One of the key problems of our time is lack of government transparency, and therefore restricted public access to U.S. government information. The ongoing WikiLeaks disclosures highlight the need to protest these policies and get them changed. Several of the American Library Association’s core values are directly relevant to this discussion; “access,” “democracy,” “the public good,” and “social responsibility” are four of our 11 core values.
With this in mind, ALA’s Social Responsibilities Round Table (SRRT) put forward two resolutions concerning WikiLeaks at the 2011 ALA Midwinter Meeting in San Diego. “Resolution on WikiLeaks and Federal Agencies” (ALA CD#37)(PDF file) and “Resolution in Support of WikiLeaks” (ALA CD#38)(PDF file) were discussed at an informal Council forum, and were immediately tabled when they came up on the ALA Council agenda. Instead, Council passed a weak substitute, “Resolution on Access to and Classification of Government Information,” (ALA CD#19.1)(PDF file), which did not even mention WikiLeaks in its resolved clauses. Instead, CD#19.1 commended President Obama for his efforts to reform the documents classification system, urged Congress to pass better whistleblower legislation, and defended freedom of the press and the principle of public access to government information. (Ed. note: ALA’s Intellectual Freedom Committee stated that CD#19.1 was crafted “to focus on the larger issues of classification, whistleblowing, and access to government information rather than limiting our concerns to one group.”)
In making this substitution, Council abdicated its responsibility concerning both the process and the content of the two SRRT resolutions, following the example of the legislative and executive branches of the federal government. It is perhaps no surprise that the U.S. government fears being embarrassed, but it is indeed troubling that the ALA Council would specifically decline to support and encourage the broadest access to WikiLeaks disclosures.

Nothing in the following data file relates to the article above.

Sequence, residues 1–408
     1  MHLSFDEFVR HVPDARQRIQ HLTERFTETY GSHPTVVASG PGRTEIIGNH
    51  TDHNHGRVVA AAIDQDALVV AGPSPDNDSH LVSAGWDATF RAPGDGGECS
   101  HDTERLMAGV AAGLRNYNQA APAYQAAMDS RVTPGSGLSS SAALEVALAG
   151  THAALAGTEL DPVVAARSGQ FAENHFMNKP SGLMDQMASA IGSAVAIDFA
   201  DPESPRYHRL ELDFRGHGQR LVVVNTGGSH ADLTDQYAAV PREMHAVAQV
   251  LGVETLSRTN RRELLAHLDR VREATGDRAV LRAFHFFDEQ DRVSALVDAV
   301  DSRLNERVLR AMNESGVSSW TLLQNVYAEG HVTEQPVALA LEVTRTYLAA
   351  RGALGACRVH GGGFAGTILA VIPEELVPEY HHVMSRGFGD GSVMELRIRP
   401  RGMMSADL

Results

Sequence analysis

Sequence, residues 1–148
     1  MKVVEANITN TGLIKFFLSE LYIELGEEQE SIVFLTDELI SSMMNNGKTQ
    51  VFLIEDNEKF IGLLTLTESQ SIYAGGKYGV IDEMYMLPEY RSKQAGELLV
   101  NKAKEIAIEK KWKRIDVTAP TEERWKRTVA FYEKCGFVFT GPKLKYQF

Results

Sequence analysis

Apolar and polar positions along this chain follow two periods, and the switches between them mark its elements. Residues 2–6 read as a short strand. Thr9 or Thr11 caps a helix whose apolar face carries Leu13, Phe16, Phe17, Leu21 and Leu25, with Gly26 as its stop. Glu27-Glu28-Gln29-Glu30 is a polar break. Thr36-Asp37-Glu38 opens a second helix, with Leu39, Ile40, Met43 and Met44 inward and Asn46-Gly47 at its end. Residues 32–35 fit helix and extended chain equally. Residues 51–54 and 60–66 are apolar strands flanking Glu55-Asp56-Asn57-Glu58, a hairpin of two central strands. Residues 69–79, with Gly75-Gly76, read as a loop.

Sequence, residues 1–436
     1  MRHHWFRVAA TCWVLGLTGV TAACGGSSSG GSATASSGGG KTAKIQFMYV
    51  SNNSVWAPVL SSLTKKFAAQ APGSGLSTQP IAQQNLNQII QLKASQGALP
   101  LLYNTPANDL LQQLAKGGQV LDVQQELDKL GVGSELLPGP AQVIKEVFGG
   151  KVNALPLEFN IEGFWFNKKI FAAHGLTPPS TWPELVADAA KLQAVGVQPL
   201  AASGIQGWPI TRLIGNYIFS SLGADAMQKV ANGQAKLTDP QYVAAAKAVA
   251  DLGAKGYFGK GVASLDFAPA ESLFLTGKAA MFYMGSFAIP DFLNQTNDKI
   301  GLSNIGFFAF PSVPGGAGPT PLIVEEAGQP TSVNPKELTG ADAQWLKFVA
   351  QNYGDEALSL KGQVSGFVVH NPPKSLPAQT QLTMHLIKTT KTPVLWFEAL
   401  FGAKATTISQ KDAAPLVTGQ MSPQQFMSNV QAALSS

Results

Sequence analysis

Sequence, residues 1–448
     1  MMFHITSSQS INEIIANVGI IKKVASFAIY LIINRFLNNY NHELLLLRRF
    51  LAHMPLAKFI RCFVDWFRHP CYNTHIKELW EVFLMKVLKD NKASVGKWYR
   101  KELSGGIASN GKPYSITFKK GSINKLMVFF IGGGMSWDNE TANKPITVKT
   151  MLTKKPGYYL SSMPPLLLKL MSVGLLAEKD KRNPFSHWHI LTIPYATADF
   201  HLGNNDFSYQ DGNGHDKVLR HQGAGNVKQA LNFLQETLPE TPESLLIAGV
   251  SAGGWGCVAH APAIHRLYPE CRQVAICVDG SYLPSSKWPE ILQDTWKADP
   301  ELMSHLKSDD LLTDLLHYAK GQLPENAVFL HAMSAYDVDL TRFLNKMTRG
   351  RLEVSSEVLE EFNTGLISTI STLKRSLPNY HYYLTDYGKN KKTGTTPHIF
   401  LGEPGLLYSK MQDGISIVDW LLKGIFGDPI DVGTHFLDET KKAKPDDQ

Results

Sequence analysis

The process of stifling principle
During my 10-year service as an ALA Councilor (1999–2009), the tactic of tabling resolutions without discussion on the Council floor was never used. Whether or not there was informal discussion at the Council forum, all resolutions should be given due formal consideration. SRRT resolutions should be treated like all others, no matter the opinion of individual counselors. It is undemocratic to exclude any resolutions from serious discussion.
Concerning content, SRRT’s first resolution (ALA CD#37) was a response to the U.S. Office of Management and Budget’s instructions to all federal agencies to block access to the WikiLeaks website. The Library of Congress complied for a few days, but after a storm of protest, LC took three actions:
- Unblocking the WikiLeaks website in its reading rooms.
- Posting warning notices at its public computers advising people against accessing the WikiLeaks website.
- Issuing a do-not-access-WikiLeaks memo to its employees under Executive Order 13526, concerning “Classified National Security Information.”
CD#37 called for the amendment of this Executive Order and all other such orders, public laws, and regulations to exclude publicly available information, and to follow the example of the Library of Congress. It is clearly absurd to ask our premier library and other federal agencies to block access to vital information that is already being widely discussed in our national newspapers and on radio, television, and online. Council support for this resolution seemed a no-brainer. How can we reconcile our profession’s core value of access to information with the defeat of this measure?
SRRT’s second resolution (ALA CD#38) supported the right of WikiLeaks to publish leaked government documents, commended WikiLeaks for its public service and for expunging material deemed potentially harmful to innocent people, urged libraries to link to WikiLeaks websites, and condemned the harassment of WikiLeaks volunteers. Obviously, this resolution went further than CD#37 by supporting not only access to publicly available information, but also the organization and its volunteers for making the information available to the public.
If we think back to the Pentagon Papers case, we remember that Daniel Ellsberg gave the material to the New York Times and Washington Post for publication. In the current case, WikiLeaks played the publishing role previously taken by those national newspapers, as well as working with U.S. and European newspapers and news magazines to distribute the documents. If civil liberties advocates and the great majority of librarians congratulated the New York Times and Washington Post at the time for their part in disclosing the truth about the Vietnam War, why would ALA not do the same now for WikiLeaks?
We should expect ALA Council to be just a little bit courageous. We live in difficult times, and it is ALA’s responsibility to vigorously support free access to information and to protect our democratic freedoms.
AL KAGAN is professor of library administration and African studies bibliographer for the University of Illinois Library at Urbana-Champaign. He served 10 years on the governing Council of the American Library Association representing its Social Responsibilities Round Table, and is currently writing a book on the history and impact of progressive library organizations in South Africa, Western Europe, and the United States. He can be reached at: firstname.lastname@example.org.